We are still floundering and equivocating about protection of our environment. Neither designers of automobiles, mayors of cities, power companies, farmers, nor those of us who simply have to breathe the air, love beauty, and would like to fish or swim in pure water have the slightest idea in God's world what is coming out of Washington next! What does come next must be a firm commitment to pure air, clean water and unspoiled land.

Almost twenty years after its conception we have not finished the basic interstate highway system. To many lobbyists who haunt the capitol buildings of the Nation, ground transportation still means only more highways and more automobiles - the bigger, the better. We must have a national commitment to transportation capabilities which will encourage the most efficient movement of American people and cargo.

Gross tax inequities are being perpetuated. The most surely taxed income is that which is derived from the sweat of manual labor. Carefully contrived loopholes let the total tax burden shift more and more toward the average wage earner. The largest corporations pay the lowest tax rates and some with very high profits pay no tax at all.

When a business executive can charge off a $50 luncheon on a tax return and a truck driver cannot deduct his $1.50 sandwich - when oil companies pay less than 5% on their earnings while employees of the company pay at least three times this rate - when many pay no taxes on incomes of more than $100,000 - then we need basic tax reform!

Every American has a right to expect that laws will be administered in an evenhanded manner, but it seems that something is wrong even with our system of justice. Defendants who are repeatedly out on bail commit more crimes. Aggravating trial delays and endless litigation are common.

Citizens without influence often bear the brunt of prosecution while violators of antitrust laws and other white collar criminals are ignored and go unpunished. .

Following recent presidential elections, our U.S. Attorney General has replaced the Postmaster General as the chief political appointee; and we have recently witnessed the prostitution of this most important law enforcement office. Special prosecutors had to be appointed simply to insure enforcement of the law! The Attorney General should be removed from politics.

The vast bureaucracy of government often fails to deliver needed social services to our people. High ideals and good intentions are not matched with rational, businesslike administration. The predictable result is frustration and discouragement among dedicated employees, recipients of services, and the American taxpayers.

There are about 25 million Americans who are classified as poor, two-thirds of whom happen to be white and half of whom receive welfare benefits. At least 10% of these are able to work. A massive bureaucracy of 2 million employees at all levels of government is attempting to administer more than 100 different programs of bewildering complexity. Case workers shuffle papers in a morass of red tape. Often it is financially profitable not to work and even to have a family disrupted by forcing the father to leave home. Some combined welfare payments exceed the average working family's income, while other needy families have difficulty obtaining a bare subsistence.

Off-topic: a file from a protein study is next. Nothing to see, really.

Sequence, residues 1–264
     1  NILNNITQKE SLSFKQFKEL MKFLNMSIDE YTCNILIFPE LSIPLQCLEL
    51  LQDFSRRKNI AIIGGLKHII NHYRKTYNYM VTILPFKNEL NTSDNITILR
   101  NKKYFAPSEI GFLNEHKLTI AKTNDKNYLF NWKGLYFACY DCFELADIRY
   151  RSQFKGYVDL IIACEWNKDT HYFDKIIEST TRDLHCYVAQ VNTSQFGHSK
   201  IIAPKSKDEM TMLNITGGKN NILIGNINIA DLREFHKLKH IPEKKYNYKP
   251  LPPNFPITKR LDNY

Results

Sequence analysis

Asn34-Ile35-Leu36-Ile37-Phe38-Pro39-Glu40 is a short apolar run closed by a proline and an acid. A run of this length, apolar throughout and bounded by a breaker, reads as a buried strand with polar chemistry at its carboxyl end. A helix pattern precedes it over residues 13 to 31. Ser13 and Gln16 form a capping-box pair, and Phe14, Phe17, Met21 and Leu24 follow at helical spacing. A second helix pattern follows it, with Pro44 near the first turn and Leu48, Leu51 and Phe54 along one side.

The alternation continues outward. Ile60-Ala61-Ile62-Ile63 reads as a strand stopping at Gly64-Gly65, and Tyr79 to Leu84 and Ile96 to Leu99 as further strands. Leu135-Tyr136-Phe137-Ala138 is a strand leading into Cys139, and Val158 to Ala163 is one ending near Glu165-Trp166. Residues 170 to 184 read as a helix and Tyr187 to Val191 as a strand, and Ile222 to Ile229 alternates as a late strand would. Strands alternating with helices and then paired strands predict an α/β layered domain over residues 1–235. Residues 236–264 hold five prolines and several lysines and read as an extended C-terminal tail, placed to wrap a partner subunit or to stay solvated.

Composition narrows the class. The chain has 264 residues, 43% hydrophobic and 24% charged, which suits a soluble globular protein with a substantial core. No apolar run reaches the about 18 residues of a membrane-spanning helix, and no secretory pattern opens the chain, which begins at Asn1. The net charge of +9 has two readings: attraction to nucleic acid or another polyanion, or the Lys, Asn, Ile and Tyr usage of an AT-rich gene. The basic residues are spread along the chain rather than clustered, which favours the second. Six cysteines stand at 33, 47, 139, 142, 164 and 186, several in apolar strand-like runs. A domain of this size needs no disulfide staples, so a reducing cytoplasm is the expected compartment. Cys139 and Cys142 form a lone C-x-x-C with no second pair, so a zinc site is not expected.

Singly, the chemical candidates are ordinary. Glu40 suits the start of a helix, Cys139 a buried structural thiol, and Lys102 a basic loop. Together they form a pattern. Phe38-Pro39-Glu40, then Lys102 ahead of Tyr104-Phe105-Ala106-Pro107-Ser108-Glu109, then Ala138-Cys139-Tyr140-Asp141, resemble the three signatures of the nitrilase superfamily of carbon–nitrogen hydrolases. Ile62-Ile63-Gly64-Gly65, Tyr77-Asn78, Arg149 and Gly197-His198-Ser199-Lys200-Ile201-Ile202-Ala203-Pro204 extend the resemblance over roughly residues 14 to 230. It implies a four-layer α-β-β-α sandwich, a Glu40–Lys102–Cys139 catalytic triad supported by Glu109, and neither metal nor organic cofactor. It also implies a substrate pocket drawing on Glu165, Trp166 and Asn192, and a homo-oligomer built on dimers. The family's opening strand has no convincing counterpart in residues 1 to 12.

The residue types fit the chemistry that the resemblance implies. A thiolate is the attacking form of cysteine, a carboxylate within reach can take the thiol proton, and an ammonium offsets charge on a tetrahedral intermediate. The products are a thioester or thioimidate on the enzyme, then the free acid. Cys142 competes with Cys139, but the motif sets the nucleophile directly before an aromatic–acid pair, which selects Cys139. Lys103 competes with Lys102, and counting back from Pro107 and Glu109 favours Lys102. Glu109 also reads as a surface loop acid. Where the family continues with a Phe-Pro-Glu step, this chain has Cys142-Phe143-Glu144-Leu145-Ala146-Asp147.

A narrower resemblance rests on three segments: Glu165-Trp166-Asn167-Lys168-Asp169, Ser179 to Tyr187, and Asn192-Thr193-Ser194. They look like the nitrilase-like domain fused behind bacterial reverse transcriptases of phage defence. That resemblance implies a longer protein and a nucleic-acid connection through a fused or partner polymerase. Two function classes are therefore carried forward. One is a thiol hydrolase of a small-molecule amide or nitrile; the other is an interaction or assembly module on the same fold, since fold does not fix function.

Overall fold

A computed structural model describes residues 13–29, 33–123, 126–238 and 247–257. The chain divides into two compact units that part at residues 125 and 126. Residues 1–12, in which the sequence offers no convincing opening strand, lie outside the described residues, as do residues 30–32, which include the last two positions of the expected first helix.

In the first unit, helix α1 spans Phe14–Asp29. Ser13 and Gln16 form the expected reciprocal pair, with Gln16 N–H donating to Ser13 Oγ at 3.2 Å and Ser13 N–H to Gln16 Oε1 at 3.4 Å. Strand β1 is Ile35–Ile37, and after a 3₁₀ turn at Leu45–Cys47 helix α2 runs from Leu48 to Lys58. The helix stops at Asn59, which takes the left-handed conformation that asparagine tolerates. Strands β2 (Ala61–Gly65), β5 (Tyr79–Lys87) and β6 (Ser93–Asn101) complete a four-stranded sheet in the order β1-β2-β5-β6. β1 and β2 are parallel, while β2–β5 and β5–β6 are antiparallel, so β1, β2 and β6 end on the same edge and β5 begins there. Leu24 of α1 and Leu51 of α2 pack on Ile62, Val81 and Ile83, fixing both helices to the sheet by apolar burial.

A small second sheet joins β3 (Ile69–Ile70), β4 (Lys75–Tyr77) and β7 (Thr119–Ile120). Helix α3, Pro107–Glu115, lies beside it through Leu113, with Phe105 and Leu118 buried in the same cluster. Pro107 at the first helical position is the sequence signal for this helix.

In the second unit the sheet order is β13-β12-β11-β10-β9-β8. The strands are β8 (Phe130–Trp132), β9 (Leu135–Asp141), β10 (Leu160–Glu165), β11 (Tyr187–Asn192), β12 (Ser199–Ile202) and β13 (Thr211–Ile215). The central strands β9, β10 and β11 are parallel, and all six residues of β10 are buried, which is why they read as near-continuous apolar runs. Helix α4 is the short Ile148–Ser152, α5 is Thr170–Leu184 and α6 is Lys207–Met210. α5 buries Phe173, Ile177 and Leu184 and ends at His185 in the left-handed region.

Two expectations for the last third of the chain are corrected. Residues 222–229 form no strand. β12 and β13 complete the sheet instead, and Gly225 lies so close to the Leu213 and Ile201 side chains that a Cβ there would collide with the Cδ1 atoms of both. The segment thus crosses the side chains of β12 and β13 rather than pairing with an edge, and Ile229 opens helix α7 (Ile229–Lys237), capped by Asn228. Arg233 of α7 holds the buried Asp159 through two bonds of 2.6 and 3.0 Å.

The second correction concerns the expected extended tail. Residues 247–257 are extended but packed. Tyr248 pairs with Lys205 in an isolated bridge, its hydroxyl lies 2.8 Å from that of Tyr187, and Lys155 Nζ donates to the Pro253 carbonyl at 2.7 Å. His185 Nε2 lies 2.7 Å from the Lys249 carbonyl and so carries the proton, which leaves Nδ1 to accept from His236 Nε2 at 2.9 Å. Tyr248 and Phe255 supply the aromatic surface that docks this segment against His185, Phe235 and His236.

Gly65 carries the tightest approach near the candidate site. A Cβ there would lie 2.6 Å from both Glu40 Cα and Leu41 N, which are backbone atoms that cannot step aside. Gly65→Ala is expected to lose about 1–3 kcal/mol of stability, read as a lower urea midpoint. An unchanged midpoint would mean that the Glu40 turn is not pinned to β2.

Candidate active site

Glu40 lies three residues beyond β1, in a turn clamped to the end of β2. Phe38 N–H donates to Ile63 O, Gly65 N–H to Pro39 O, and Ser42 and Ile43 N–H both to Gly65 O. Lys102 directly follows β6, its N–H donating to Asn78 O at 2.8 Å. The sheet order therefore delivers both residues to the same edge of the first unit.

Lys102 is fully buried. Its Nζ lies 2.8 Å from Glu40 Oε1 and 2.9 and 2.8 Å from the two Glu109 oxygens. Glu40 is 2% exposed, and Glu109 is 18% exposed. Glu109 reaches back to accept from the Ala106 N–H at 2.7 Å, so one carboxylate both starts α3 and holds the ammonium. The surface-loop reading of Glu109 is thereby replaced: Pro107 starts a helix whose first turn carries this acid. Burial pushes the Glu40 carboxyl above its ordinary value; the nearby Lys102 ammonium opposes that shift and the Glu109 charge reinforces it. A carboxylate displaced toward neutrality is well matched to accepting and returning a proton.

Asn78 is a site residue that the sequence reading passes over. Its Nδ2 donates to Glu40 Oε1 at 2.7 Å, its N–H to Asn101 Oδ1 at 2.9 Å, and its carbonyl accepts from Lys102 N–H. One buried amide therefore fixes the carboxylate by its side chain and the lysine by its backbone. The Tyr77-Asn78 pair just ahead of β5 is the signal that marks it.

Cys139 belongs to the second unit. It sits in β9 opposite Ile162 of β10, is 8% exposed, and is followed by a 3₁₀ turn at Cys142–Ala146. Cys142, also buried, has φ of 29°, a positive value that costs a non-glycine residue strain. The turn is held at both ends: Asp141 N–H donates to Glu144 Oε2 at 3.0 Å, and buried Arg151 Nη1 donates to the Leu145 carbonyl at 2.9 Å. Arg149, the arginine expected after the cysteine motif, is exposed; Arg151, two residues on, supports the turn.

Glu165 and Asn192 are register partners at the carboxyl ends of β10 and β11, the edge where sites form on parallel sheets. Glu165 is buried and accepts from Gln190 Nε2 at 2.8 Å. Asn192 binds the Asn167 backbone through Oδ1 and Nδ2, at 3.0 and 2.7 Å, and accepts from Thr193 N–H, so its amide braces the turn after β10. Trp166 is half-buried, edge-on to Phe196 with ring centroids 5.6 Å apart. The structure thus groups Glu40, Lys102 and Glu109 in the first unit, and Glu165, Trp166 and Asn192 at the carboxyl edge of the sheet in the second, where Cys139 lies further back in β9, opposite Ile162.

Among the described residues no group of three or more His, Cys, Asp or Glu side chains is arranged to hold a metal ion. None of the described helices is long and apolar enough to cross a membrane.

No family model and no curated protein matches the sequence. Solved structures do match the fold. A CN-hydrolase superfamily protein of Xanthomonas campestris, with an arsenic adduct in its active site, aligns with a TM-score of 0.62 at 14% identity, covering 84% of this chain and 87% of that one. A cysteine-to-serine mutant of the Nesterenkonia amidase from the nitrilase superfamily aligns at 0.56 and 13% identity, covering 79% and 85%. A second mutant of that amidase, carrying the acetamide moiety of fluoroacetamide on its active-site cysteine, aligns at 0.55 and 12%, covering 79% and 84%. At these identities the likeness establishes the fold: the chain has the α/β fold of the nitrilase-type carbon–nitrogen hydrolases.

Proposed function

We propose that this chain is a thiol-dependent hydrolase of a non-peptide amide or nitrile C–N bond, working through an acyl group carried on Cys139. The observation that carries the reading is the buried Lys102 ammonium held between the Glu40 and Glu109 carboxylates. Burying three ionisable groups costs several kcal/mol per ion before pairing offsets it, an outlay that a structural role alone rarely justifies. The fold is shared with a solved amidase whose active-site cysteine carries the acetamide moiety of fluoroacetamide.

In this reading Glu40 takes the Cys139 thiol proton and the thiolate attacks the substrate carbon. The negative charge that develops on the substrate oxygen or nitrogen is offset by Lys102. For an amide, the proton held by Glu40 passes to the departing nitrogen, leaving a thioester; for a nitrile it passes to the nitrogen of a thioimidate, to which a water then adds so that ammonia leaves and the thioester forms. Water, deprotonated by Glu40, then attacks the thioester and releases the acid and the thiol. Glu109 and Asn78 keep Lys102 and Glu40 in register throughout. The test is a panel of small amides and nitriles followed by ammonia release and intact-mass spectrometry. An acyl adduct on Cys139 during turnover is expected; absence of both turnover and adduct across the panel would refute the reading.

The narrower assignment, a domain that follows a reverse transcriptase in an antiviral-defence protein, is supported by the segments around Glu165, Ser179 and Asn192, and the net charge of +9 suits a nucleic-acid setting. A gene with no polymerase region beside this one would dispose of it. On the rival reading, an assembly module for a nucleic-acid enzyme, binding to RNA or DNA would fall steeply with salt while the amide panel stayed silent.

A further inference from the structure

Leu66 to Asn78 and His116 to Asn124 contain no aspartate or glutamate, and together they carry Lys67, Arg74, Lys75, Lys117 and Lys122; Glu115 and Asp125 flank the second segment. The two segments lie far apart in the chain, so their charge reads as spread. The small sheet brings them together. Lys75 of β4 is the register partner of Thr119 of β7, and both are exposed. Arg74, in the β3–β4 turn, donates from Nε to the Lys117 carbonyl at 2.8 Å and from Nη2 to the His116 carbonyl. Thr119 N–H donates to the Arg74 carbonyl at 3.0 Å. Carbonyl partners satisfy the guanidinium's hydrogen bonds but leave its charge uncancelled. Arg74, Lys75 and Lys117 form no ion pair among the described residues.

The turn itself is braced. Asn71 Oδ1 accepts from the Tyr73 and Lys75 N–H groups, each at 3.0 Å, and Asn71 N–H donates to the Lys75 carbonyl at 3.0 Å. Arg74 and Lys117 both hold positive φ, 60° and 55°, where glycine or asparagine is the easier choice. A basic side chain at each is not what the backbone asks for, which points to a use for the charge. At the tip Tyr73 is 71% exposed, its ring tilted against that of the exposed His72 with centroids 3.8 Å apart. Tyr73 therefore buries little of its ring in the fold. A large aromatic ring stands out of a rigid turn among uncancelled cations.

The word "welfare" no longer signifies how much we care, but often arouses feelings of contempt and even hatred.

Is a simplified, fair and compassionate welfare program beyond the capacity of our American government? I think not.

The quality of health care in this Nation depends largely on economic status. It is often unavailable or costs too much. There is little commonality of effort between private and public health agencies or between physicians and other trained medical personnel. I expect the next Congress to pass a national health insurance law. But present government interest seems to be in merely shifting the costs of existing services to the federal taxpayer or to the employers. There is little interest in preventing the cripplers and killers of our people and providing improved health care for those who still need it most.

Is a practical and comprehensive national health program beyond the capacity of our American government? I think not.

Federal education laws must be simplified to substitute education for paper-shuffling grantsmanship. Local systems need federal funds to supplement their programs for students where wealth and tax base are inadequate.

Is a comprehensive education program beyond the capacity of the American people? I think not.

As a farmer, I have been appalled at the maladministration of our Nation's agricultural economy. We have seen the elimination of our valuable food reserves, which has contributed to wild fluctuations in commodity prices and wiped out dependable trade and export capabilities. Grain speculators and monopolistic processors have profited, while farmers are going bankrupt trying to produce food that consumers are going broke trying to buy.